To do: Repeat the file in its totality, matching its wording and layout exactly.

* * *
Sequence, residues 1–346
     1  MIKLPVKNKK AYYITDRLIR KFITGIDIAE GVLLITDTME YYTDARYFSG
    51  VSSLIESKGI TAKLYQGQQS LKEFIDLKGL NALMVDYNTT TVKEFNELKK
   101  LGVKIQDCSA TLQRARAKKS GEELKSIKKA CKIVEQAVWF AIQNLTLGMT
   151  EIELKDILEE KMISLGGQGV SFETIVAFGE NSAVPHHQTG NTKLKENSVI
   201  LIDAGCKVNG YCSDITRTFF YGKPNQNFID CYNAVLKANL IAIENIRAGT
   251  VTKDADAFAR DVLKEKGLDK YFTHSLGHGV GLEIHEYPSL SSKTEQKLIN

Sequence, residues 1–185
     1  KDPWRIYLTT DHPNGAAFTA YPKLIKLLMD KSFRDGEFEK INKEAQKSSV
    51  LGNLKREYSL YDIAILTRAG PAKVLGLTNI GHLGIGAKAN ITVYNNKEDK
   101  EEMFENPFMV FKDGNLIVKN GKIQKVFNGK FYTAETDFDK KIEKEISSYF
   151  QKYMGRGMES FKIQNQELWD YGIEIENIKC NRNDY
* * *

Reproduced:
Sequence, residues 1–346
     1  MIKLPVKNKK AYYITDRLIR KFITGIDIAE GVLLITDTME YYTDARYFSG
    51  VSSLIESKGI TAKLYQGQQS LKEFIDLKGL NALMVDYNTT TVKEFNELKK
   101  LGVKIQDCSA TLQRARAKKS GEELKSIKKA CKIVEQAVWF AIQNLTLGMT
   151  EIELKDILEE KMISLGGQGV SFETIVAFGE NSAVPHHQTG NTKLKENSVI
   201  LIDAGCKVNG YCSDITRTFF YGKPNQNFID CYNAVLKANL IAIENIRAGT
   251  VTKDADAFAR DVLKEKGLDK YFTHSLGHGV GLEIHEYPSL SSKTEQKLIN

Sequence, residues 1–185
     1  KDPWRIYLTT DHPNGAAFTA YPKLIKLLMD KSFRDGEFEK INKEAQKSSV
    51  LGNLKREYSL YDIAILTRAG PAKVLGLTNI GHLGIGAKAN ITVYNNKEDK
   101  EEMFENPFMV FKDGNLIVKN GKIQKVFNGK FYTAETDFDK KIEKEISSYF
   151  QKYMGRGMES FKIQNQELWD YGIEIENIKC NRNDY